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Supporting the Class as a Whole

When I wasn’t helping Ethan, I still had nine other boys to support. I needed to take a closer look at each child in order to provide them with the skills they were lacking. Below, you'll read about the different interventions I implemented with four boys.

Boosting Self-Confidence: Joe

 
Joe was one of the smartest boys in the class. However, he was very self-conscious. He graduated from occupational therapy, speech therapy and physical therapy. He could have been in general ed, but he was not ready.  His hair used to be long and pulled back into a ponytail so many of his friends called him a girl.  He cut his hair this year and seemed to be growing up.  
 
Joe needed to learn his self-worth. He said he couldn’t write as much as another peers because his hands hurt. I gave Joe a stress ball and reminded him to squeeze it every night to strengthen his writing muscles. The most important thing I could do for him was get him to write in a self-confidence journal. I promised him that if he wrote in his journal every day, then I would write in mine.

Reducing Auditory Distractions: Richie

A few students in my class had problems with auditory distractions. This was usually during any independent work time. Richie, who was on the autism spectrum, was afraid to use the bathroom because the fire alarm bell sometimes went off.

I cut the cords off of several old headphones and let him use it to screen out noise. Richie began to use the headphones to go to the bathroom and eventually did not need them anymore.

 

Providing Structure: Donnie

Donnie gave me and the paraprofessionals a run for our money. He was smart, funny, and sweet. He was on the autism spectrum with his own crisis paraprofessional. I learned fast what his likes and dislikes were. I was also able to get him a different paraprofessional that was more suitable to his needs.

Donnie required a visual schedule, fidget toys, a taped parameter for his spot in the meeting area, a seat cushion, and a menu of reward choices. It is important for children on the autism spectrum--as well as any child--to have structure, positive reinforcement, and choices.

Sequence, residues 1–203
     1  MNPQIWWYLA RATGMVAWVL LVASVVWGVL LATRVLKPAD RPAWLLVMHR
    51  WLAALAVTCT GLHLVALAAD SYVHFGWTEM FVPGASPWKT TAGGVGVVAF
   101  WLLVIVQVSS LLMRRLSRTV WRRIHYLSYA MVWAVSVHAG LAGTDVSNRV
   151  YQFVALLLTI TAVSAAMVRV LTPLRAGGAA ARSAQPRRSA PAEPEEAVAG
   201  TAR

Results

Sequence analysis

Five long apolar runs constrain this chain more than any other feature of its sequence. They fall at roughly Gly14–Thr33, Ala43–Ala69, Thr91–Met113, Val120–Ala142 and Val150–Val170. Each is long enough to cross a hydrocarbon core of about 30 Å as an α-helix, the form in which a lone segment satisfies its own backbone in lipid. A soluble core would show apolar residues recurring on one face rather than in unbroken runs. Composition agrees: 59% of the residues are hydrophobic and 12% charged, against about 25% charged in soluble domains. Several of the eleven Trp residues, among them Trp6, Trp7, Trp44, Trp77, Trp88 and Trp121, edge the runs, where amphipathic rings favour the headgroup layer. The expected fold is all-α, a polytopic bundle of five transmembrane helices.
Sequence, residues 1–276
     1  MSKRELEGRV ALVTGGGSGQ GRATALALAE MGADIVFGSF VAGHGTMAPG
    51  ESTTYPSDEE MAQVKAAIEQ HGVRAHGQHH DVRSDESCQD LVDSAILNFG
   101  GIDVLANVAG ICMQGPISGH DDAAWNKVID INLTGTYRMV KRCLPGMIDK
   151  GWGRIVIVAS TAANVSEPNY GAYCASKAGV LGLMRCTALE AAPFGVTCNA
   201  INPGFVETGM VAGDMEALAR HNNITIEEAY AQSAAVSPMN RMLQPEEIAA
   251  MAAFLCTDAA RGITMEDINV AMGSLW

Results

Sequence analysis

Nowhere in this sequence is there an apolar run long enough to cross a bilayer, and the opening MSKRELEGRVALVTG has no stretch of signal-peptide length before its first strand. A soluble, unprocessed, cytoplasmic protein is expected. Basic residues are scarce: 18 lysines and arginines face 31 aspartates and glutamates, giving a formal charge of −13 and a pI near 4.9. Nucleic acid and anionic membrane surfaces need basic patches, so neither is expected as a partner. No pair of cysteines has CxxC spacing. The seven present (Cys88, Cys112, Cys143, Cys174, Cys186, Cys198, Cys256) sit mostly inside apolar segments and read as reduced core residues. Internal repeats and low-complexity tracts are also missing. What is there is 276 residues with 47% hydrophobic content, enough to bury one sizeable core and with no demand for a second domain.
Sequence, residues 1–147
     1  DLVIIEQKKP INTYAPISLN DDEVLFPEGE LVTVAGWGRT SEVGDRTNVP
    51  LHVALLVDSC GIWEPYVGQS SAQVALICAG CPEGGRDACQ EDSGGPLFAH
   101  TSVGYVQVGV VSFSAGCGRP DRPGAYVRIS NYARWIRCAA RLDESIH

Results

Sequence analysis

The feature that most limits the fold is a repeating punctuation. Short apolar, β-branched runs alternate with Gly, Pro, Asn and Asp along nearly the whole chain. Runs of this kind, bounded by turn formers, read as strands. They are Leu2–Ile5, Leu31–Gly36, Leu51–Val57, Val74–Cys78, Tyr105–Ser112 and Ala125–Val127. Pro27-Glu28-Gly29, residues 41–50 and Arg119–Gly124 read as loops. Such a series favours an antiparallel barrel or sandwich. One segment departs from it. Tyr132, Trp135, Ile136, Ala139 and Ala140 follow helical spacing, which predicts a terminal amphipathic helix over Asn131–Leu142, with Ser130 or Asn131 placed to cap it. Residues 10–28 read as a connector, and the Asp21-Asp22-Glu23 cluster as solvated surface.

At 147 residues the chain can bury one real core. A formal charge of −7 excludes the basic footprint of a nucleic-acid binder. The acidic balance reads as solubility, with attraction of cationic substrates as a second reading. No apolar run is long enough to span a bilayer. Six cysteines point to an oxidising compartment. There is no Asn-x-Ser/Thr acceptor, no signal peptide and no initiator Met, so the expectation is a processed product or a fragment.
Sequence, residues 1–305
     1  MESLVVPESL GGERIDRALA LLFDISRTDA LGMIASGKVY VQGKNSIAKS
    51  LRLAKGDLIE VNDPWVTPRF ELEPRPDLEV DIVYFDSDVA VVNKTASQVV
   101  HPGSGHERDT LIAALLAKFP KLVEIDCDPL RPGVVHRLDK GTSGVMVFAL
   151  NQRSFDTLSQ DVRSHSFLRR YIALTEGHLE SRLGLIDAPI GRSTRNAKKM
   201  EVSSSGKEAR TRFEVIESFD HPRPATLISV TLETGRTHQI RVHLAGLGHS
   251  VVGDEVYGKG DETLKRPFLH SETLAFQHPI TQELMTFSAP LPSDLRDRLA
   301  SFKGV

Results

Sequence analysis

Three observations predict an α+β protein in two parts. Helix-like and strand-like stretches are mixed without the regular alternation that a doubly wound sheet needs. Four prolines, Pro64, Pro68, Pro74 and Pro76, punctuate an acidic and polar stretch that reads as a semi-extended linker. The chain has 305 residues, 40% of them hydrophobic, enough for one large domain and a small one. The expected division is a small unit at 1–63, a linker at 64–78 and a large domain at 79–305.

Creating Safe, Productive Spaces: David

 
For David, I set up a system so that when he completed his task within an allotted time, he could pick his choice of rewards. We used a sand timer for David to sit for three minutes in the meeting area. If he sat for three minutes, he would receive his reward, a fidget toy, a snack, or a book.
 
Eventually, we lowered the expectation to one minute without an aggressive behavior and, in exchange, he got to hold his toy for one minute as a reward. My boys became little gentlemen: They would hold his toy over his demarcated meeting area spot and would keep it for him until the timer ran out of sand. They would also help him by holding his hand, tracing letters and shapes onto the plastic bag I filled with paint.
 
To help David be more independent during writing time, I turned a giant storage container into his writing area.  He would sit inside the box to write and call it his “spaceship.” He loved using it and soon enough his friends would ask to use it, too.
 
 

Throughout the year, I used many different methods to try and help my students. Ultimately, I learned that teaching them social and emotional learning was of prime importance. If they didn’t have the skills needed to cope with their everyday distractions and tasks, they would not have been able to learn. Next year, I am very honored to be working with my boys again and look forward to helping them grow into big second graders. I hope you are able to use some of my interventions. I thoroughly enjoyed writing my inquiry and I hope you enjoyed reading it, too.